Hello World
- Methods

Services run in the background and can be used to monitor online databases, local communication ports or changes in data on the file system. They can also trigger notifications to the user and launch apps when changes or timeouts occur.

DroidScript Services run in a separate process and can take advantage of multi-CPU devices, this allows CPU intensive calculations or slow procedures to be done in the background without slowing down or interfering with the main application.

Any file in your project with the filename “Service.js” will run as a hidden background service.

A service can be created and started using the CreateService method of the app object in your main application file:.

srv = app.CreateService( packageName, className, callback, options ) → app object: Service

Use “this” for the packageName and className parameters.

Your service will start running when it's created and a foreground app must exist to manage the service and this foreground app must be run at least one time by the user.

You can set the service to start automatically when the device is booted if required; with the SetAutoBoot method of the app object.
app.SetAutoBoot( "Service" );

Stop a service using the Stop method.

Messages can be sent from your app to the service using the SendMessage method on the service object:
svc.SendMessage( msg );

You will need to provide a message handler to receive and process the messages (see example below).

Send messages from the service to the main app by using the SendMessage method of the app object:
app.SendMessage( msg );

This will also need a message handler on the application (see example below).

Adding services to your application is best done working with the WiFi editor (browser IDE) because you will need to edit more than one file and also see debug message from the service. Debug and error messages are shown in gray on the debug tab of the WiFi editor. Pressing the stop button in this IDE will stop both the service and the app, but pressing the back button on your device will stop the app but leave the service running.

Example - Services

//our Service.js code.
//In regular usage move this code to a separate Service.js file
var servicejs = `
//Init variables.
var count = 0;
var diff = 1;

//Called when service is started.
function OnStart()
    app.ShowPopup( "Hello from Service!" );

    //Start a timer to do some regular work.
    setInterval( DoWork, 500 );

//Called when we get a message from main app.
function OnMessage( msg )
    app.Debug( msg );

    //Handle commands from main App.
    if( msg == "change" ) diff = (diff > 0 ? -1 : 1);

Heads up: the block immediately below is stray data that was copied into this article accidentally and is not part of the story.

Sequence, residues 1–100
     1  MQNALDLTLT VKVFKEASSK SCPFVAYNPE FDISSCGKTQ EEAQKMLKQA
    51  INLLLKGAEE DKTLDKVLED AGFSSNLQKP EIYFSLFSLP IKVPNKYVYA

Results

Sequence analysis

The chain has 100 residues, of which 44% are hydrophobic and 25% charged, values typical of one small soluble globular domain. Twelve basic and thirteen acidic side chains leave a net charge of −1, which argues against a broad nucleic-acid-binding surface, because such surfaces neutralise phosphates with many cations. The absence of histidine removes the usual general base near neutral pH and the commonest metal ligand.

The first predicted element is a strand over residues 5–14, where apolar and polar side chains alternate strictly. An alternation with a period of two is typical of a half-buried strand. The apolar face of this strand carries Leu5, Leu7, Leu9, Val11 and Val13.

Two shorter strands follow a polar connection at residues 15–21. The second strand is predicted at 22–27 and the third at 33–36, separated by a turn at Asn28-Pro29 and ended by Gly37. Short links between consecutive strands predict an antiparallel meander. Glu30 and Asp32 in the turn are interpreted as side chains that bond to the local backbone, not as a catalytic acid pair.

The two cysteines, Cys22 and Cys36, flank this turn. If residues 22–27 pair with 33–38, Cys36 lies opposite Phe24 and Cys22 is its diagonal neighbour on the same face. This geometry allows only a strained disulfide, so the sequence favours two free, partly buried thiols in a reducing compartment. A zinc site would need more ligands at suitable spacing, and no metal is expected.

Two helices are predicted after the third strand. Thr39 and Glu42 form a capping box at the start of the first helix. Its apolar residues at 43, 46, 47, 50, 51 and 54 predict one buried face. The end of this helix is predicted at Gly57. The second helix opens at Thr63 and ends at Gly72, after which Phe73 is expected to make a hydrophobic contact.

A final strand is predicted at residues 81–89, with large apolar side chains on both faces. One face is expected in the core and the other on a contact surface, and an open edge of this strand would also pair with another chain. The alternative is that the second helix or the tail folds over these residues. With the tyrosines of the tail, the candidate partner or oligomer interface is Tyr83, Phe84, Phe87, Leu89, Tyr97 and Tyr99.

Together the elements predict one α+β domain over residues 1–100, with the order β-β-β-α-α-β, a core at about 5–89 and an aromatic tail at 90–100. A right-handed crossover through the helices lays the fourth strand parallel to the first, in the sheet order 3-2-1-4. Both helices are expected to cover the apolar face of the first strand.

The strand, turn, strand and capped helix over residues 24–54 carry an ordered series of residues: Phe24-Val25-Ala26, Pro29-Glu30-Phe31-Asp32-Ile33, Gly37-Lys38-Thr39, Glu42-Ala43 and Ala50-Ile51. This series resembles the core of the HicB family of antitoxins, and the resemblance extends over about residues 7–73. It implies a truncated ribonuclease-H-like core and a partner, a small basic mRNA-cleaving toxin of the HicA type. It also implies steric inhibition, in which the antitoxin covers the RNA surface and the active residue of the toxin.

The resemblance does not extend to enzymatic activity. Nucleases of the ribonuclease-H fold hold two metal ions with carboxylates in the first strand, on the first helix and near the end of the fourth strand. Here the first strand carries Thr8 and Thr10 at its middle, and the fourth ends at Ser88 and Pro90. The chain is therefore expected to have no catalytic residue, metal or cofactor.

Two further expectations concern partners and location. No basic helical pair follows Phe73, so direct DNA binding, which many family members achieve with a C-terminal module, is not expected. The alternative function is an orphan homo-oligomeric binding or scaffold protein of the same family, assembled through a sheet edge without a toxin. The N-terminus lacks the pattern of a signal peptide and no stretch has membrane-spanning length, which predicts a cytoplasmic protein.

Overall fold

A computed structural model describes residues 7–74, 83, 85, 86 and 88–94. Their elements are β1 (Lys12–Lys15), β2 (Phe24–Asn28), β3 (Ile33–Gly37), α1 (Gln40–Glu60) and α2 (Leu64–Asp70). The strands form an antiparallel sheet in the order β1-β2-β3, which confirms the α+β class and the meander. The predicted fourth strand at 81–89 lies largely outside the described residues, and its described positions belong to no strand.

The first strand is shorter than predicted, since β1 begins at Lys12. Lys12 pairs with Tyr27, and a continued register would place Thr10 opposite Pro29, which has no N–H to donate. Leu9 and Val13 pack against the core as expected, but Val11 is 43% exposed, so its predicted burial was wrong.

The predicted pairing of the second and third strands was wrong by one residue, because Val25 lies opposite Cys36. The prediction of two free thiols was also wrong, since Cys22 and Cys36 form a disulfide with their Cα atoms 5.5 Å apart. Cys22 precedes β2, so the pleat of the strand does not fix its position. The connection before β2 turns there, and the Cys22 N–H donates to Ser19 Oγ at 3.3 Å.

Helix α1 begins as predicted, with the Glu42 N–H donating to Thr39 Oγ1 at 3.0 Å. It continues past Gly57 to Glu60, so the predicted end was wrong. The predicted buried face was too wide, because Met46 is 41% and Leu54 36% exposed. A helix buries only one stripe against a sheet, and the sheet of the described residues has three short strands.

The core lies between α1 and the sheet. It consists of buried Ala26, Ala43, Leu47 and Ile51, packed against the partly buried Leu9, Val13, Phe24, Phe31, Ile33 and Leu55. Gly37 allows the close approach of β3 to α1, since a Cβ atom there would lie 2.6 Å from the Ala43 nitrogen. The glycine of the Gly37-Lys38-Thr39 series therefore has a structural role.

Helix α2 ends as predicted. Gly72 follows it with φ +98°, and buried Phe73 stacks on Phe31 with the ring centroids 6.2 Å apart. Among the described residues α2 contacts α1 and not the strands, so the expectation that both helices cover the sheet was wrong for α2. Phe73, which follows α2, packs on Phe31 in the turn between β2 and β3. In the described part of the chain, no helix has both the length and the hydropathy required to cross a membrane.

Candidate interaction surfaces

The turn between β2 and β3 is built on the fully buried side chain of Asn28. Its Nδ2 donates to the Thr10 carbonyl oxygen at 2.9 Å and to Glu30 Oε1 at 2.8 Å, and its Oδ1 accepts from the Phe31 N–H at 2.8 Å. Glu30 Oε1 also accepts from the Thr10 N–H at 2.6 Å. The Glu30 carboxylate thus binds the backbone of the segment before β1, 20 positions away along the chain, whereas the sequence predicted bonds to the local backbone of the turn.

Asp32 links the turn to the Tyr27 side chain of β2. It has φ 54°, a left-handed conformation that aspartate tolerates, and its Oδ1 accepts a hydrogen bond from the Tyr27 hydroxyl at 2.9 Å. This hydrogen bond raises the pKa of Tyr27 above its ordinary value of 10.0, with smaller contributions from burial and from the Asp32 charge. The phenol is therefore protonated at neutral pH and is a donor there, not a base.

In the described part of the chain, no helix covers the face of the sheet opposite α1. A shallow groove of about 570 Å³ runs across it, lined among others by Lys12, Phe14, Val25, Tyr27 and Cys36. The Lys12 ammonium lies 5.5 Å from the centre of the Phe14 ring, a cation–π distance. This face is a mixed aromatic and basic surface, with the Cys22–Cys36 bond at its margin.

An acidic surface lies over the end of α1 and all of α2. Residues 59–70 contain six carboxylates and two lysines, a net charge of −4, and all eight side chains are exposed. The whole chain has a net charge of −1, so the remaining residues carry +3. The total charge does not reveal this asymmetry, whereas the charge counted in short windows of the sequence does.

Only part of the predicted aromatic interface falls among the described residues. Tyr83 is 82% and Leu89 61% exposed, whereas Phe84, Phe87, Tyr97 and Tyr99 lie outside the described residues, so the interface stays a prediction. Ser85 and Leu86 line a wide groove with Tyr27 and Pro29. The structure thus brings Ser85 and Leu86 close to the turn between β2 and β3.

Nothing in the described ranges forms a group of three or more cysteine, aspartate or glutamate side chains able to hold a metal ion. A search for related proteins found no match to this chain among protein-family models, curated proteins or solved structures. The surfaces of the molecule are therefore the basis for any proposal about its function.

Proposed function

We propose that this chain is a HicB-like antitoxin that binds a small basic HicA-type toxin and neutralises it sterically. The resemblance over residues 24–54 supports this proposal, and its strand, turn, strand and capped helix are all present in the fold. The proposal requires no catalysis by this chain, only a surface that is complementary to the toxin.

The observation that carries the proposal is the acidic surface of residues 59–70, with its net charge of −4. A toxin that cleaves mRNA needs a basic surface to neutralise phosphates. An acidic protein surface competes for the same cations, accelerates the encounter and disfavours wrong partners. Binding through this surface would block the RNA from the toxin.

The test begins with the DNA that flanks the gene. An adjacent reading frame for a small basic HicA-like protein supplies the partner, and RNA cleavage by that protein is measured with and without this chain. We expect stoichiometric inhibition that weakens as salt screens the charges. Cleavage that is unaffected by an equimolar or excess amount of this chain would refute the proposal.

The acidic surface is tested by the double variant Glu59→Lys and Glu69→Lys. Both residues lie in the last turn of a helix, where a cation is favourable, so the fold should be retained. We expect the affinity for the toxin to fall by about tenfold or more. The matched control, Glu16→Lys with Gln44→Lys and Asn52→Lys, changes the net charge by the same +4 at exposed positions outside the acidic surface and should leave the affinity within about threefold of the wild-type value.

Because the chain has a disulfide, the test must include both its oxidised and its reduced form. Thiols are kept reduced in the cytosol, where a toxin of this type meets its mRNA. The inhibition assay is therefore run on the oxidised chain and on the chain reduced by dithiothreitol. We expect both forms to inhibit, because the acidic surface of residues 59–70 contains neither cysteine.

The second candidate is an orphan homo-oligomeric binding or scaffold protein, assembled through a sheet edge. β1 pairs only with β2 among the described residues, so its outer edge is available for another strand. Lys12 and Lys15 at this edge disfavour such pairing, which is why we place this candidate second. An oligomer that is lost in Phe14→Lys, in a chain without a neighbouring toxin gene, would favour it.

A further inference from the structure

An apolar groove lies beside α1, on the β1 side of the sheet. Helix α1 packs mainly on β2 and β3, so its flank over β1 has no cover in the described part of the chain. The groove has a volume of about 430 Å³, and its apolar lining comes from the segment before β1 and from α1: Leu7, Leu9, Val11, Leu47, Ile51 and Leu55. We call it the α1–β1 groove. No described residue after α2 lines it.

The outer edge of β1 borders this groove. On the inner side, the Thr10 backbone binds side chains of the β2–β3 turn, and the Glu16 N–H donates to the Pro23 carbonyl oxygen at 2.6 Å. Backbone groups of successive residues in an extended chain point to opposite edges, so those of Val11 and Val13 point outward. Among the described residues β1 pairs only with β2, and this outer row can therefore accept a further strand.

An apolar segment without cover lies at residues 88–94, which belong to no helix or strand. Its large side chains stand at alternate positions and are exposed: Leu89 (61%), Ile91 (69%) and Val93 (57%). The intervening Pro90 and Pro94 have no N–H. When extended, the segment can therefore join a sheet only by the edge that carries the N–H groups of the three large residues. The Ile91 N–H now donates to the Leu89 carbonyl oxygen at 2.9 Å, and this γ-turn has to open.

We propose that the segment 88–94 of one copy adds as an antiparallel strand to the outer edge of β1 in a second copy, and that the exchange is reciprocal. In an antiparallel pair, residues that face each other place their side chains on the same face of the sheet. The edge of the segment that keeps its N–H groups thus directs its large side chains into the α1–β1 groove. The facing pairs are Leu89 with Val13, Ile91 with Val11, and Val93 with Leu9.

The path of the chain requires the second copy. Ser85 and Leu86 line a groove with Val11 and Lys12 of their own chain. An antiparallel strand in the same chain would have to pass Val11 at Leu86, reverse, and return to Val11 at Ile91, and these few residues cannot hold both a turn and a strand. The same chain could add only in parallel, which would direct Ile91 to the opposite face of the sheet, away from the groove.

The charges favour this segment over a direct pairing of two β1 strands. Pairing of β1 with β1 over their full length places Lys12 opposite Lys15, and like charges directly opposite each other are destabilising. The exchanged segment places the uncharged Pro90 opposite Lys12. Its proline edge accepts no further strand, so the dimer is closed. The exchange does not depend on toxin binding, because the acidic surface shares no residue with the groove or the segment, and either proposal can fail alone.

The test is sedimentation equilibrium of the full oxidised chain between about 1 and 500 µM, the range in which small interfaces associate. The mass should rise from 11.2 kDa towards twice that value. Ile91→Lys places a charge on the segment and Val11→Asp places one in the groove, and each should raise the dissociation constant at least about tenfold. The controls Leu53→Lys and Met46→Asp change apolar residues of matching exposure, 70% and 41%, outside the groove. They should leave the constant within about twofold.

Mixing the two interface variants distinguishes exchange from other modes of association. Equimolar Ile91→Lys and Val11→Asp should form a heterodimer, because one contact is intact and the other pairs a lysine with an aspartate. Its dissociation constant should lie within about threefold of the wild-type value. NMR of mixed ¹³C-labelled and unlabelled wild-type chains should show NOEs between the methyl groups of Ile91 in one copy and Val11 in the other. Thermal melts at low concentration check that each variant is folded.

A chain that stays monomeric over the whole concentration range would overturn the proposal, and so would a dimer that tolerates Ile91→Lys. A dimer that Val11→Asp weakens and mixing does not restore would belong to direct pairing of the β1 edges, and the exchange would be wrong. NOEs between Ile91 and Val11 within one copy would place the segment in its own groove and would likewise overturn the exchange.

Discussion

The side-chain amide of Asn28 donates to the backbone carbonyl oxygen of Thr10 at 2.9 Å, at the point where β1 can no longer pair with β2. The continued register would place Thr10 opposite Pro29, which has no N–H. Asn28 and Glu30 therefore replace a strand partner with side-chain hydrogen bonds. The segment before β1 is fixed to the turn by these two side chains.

//This is where we do some regular background task
//(here we just modify a counter and send it back to the app, if its running).
function DoWork()
    count += diff;
    app.SendMessage( count );

function OnStart()
    //Create the Service.js file
    //(In regular usage create the file yourself)
    app.WriteFile("Service.js", servicejs );

    //Create a layout.
    lay = app.CreateLayout( "linear", "VCenter,FillXY" );

    //Create text control to display data from the service.
    txt = app.CreateText( "", 0.4 );
    txt.SetTextSize( 22 );
    lay.AddChild( txt );

    //Create an 'Send Message' button.
    btn = app.CreateButton( "Send Message to Service", 0.6, 0.1 );
    lay.AddChild( btn );
    btn.SetOnTouch( function(){ svc.SendMessage("change"); } );

    //Create a 'Stop Service' button.
    btn = app.CreateButton( "Stop Service", 0.6, 0.1 );
    lay.AddChild( btn );
    btn.SetOnTouch( function(){ svc.Stop(); } );

    //Add layout to app.
    app.AddLayout( lay );

    //Start/connect to our service.
    svc = app.CreateService( "this", "this", OnServiceReady );
    svc.SetOnMessage( OnServiceMessage );

    //This will cause your service to start at boot.
    //(Set it to "none" if you need to stop it starting)
    //app.SetAutoBoot( "Service" );

//Called after our service has started.
function OnServiceReady()
    app.Debug( "Service Ready" );

//Called when messages comes from our service.
function OnServiceMessage( msg )
    txt.SetText( "Count: " + msg );
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Inspect the debug console and see the log messages from the service in gray.


The following methods are available on the Service object:

GetType() → string: “Service”
string: path to file or folder ( “/absolute/...” or “relative/...” )
string: “this” or “<package>”
string: “this” or “<class>”
string: comma “,” separated: Persist
string: “none” or “min” or “low” or “high”
function( message )
Returns the control class name.
Sends a message to the service.
Run service in background.
Run service in foreground.
Define a callback function which is called when a message arrived from the service.
Stop the service.